Monday, October 15, 2012



The scene is from near June Lake California.
The boulder is one of those fascinating balancing acts of nature.
The sign reminds me of a miserable cold time in childhood
when I heard my dad use unusual words as he 
wrestled with twisted and rusted chains on a bitter cold night when we were driving home in the old Buick Roadmaster. 
Photo Courtesy of
Hard to imagine a beast like the Roadmaster not
having traction.
We had 4-door model, large enough that
when we made our trips to Colorado, my brother John and I had what was almost a "room" in the back seat.  He had a bed on the seat and I had a full cot that fit between the front and back seat and still left room for our legs when we were just sitting.
I guess with a car that heavy, you want to make sure you get traction. Snow tires came after the old Roadmaster
was retired.  
BTW-Since our move to California, we have avoided those higher elevations where as the sign says
"chains are required."
But I'd love to have that old Roadmaster.
See you down the trail.


  1. Tom,

    Your Dad was a Buick man, eh?

    Loved those straight 8's with Dynaflow transmissions...the old Dynaflow was the grandpa of today's modern CVT transmissions. Great cars with "Body by Fischer". Stuart Mott is still spending the money!

    Jan and I were in Maine and stopped by Martha's Pies, a little roadside coffee shop in the middle on nowhere on our way to Mt. Baxter. Parked outside was a '53 Buick Century convertible, pale yellow with green and yellow interior. The owner walked out and we chatted a little. I asked him to turn on the "Wonderbar" AM radio and after it warmed up I realized the old AM radios from the 50's made AM sound like FM! One of the guys from Delco told me once that if a car radio costs 100 bucks to build about 2 dollars is invested in the AM wonder AM is virtually gone!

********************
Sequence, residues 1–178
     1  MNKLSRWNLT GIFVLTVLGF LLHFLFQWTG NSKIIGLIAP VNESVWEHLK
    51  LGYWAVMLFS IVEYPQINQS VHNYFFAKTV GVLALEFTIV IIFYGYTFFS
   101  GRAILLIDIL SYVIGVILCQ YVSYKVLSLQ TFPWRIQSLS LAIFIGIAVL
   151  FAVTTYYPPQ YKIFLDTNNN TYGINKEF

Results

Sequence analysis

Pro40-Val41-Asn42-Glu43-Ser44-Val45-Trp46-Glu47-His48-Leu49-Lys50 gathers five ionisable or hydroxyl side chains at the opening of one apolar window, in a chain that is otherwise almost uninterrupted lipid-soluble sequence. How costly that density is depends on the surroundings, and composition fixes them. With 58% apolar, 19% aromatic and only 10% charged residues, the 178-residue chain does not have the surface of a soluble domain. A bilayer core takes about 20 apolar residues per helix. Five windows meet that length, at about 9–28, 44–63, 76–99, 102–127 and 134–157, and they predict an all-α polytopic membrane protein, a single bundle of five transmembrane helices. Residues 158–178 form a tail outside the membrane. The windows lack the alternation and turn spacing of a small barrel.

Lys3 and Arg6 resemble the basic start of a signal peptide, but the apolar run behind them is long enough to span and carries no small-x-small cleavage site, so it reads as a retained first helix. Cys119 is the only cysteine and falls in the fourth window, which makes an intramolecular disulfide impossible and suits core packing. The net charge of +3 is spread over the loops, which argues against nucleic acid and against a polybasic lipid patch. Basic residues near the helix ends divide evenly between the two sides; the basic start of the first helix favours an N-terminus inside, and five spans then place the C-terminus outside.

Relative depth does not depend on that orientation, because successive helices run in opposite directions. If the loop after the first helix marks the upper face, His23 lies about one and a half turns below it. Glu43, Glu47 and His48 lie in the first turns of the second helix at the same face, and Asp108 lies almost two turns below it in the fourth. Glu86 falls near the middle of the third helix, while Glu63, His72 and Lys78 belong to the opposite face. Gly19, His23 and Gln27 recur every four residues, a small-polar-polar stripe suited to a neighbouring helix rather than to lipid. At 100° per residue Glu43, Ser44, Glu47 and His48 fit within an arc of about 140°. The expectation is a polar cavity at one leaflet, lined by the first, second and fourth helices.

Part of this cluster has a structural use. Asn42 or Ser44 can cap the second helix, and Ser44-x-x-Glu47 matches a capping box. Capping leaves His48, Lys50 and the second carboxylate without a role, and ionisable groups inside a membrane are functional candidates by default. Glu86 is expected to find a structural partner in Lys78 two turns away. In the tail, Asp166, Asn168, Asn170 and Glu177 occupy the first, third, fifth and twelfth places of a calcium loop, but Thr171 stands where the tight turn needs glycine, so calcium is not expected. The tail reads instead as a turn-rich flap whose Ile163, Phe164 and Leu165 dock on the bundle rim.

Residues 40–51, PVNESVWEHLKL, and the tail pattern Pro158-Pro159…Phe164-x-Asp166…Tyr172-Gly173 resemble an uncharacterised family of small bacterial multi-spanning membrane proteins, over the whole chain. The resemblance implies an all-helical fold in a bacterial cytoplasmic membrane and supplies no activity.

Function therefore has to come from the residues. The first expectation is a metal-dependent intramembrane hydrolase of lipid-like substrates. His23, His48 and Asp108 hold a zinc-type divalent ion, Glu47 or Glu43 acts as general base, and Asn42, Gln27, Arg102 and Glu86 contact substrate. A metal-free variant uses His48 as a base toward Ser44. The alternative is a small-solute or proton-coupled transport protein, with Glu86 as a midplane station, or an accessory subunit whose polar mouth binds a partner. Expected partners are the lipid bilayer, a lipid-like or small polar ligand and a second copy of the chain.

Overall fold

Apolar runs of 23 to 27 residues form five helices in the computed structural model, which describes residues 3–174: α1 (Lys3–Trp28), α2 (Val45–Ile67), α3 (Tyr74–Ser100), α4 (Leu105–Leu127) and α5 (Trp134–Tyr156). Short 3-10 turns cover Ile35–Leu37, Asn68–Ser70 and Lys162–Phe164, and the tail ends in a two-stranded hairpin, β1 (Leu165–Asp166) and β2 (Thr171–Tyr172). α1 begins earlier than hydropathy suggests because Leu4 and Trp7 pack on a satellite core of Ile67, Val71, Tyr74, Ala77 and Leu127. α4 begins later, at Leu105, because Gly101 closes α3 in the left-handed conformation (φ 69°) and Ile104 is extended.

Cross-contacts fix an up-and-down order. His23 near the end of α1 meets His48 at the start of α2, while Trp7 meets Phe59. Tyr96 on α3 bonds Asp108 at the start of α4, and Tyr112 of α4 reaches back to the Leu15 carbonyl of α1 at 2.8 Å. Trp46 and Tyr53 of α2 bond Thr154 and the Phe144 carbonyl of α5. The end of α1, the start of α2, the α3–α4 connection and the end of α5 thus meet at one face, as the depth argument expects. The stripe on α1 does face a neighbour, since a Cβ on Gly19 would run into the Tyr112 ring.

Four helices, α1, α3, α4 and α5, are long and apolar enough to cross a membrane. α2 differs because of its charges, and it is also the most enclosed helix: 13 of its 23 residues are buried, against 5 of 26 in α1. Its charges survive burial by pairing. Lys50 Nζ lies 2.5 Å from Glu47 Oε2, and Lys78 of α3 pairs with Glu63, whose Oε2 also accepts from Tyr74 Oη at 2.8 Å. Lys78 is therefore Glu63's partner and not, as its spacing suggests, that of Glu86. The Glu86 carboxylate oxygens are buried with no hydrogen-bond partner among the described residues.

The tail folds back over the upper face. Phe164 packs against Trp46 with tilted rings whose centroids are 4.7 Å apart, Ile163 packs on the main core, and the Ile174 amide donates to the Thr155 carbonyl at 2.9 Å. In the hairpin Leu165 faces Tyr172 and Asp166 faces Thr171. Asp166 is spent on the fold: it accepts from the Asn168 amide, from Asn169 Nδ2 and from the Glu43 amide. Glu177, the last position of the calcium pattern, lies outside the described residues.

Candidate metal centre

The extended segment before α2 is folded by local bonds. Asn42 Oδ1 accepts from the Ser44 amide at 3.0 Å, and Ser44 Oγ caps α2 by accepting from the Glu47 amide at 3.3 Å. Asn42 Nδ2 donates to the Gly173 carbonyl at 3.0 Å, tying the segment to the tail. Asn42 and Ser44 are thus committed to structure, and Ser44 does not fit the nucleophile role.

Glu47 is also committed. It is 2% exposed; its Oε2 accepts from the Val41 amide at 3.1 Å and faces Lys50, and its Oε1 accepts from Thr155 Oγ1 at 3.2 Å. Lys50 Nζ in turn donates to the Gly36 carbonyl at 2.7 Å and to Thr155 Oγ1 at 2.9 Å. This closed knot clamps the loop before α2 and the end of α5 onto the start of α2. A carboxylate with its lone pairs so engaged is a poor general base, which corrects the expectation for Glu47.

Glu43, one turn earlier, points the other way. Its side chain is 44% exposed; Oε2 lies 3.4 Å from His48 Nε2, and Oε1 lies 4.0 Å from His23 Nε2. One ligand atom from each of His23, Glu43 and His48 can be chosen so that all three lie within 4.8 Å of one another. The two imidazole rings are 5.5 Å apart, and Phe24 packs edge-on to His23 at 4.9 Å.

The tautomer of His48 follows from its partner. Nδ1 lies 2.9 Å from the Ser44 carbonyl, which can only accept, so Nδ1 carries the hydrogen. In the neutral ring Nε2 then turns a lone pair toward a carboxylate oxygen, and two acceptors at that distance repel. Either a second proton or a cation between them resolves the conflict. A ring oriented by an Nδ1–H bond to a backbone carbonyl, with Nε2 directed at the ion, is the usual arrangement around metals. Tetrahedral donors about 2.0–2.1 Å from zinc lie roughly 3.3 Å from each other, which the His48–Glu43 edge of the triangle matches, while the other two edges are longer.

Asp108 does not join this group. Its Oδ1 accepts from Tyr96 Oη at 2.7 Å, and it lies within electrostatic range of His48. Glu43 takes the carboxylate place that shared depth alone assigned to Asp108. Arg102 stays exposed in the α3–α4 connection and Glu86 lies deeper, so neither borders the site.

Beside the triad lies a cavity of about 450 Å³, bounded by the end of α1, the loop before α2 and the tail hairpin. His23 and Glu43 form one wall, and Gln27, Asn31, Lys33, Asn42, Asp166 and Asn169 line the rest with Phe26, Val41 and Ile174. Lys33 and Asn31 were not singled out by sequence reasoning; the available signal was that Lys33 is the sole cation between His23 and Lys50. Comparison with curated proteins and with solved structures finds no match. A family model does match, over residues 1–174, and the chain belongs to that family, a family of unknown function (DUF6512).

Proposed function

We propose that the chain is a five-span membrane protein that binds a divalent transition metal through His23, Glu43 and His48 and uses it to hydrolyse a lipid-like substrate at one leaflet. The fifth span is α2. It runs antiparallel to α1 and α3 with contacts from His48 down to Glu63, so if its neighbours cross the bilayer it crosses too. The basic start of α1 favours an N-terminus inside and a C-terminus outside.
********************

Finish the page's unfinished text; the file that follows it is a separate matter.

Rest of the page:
2. Bob-
    I remember that radio feature. They did sound "big and rich". Massive body, but man did they have space and as I recall they were comfortable.

  3. I see by the hood that yours was a four-holer. My mother drove a three-holer. And she would spot were she left the car in the parking lot by counting the holes in the hood. We were lucky. We never got into the wrong car.
    Out mother was a cautious driver in her three-hole Buick. She always watched out for the other drivers. One passed her and caught back bumper to her front bumper and dragged her into a light post. Out mother explained she was an old-dame teacher. She got out and looked at the wreck, pronouncing just as in the elementary classroom, "Oh, OH~! Look, Look. Damn, Damn."
    That is the way that story went into the books. -w-

  4. That Roadmaster was a beauty. Must have weighed as much as a Sherman tank.